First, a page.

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John Carter's Long Road from the Civil War to the Silver Screen

One of the most anticipated motion pictures of the first half of this year is Disney’s John Carter. Slated for a March 9 release, the sci-fi/fantasy stars Friday Night LightsTaylor Kitsch as the title character, a Confederate soldier who is transported to Mars, where he becomes involved with the conflicts between the various nations of the planet -- known as “Barsoom” to its inhabitants.

John Carter boasts an impressive cast and crew. In addition to Kitsch, the film costars Bryan Cranston, Lynn Collins, Willem Dafoe, and Dominic West. Pixar veteran Andrew Stanton directed and cowrote the script with Mark Andrews and noted author Michael Chabon. Emmy- and Oscar-winning composer Michael Giacchino wrote the score.

With so many big names involved in the production, as well as a budget soaring over $250 million, it’s no surprise that Disney aficionados and movie buffs have kept John Carter in their sights for a few years now (I can remember hearing about it as far back as the summer of 2008). With such anxious anticipation, the film has generated plenty of buzz, both positive and negative.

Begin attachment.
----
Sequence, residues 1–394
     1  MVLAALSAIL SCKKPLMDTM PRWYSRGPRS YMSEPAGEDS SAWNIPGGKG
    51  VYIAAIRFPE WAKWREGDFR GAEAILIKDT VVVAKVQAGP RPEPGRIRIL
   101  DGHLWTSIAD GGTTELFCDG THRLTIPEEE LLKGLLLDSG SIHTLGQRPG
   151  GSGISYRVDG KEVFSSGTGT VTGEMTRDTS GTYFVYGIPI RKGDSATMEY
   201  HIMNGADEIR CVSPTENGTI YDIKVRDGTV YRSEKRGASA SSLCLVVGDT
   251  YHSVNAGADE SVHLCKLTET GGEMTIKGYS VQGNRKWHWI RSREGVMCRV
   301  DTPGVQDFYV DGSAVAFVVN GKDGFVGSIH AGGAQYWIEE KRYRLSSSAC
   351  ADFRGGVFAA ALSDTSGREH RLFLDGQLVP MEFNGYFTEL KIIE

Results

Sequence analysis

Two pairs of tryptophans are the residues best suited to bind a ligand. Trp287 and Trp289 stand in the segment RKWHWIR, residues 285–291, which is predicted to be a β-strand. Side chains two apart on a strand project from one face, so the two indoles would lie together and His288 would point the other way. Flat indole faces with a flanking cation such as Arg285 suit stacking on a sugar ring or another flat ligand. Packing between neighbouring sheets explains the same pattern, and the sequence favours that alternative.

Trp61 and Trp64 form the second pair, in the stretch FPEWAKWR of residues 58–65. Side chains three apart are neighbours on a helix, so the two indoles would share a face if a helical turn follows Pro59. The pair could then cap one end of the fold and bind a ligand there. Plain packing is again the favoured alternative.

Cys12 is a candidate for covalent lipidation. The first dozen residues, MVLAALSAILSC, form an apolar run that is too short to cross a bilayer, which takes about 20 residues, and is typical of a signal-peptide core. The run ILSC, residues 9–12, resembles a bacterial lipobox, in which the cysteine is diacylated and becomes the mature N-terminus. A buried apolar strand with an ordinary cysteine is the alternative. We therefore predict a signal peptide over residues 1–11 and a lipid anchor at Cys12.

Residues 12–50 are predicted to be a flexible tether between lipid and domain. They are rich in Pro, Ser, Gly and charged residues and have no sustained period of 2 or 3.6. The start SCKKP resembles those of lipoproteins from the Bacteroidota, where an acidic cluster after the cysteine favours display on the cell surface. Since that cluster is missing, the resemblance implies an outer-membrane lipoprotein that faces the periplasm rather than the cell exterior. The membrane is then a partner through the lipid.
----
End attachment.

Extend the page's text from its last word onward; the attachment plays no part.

This movie’s circuitous road to the big screen is a fascinating one. It’s a long journey that encompasses a century and involves an array of twists and turns that befit an action epic. So buckle up and enjoy the ride.

The character of John Carter was the brainchild of author Edgar Rice Burroughs, best known as the creator of Tarzan. Burroughs’ first published work was the serialized novel Under the Moons of Mars, which he sold to All-Story Magazine for $400 in 1911, before he completed his first Tarzan novel. The novel first appeared in book form as A Princess of Mars in 1917. Burroughs expanded the saga of John Carter into a series of eleven books, including a two-novella collection published after his death.